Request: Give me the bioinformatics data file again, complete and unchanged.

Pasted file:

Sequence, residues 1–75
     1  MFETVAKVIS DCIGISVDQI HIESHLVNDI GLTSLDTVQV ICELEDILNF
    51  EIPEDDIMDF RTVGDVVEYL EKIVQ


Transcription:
Sequence, residues 1–75
     1  MFETVAKVIS DCIGISVDQI HIESHLVNDI GLTSLDTVQV ICELEDILNF
    51  EIPEDDIMDF RTVGDVVEYL EKIVQ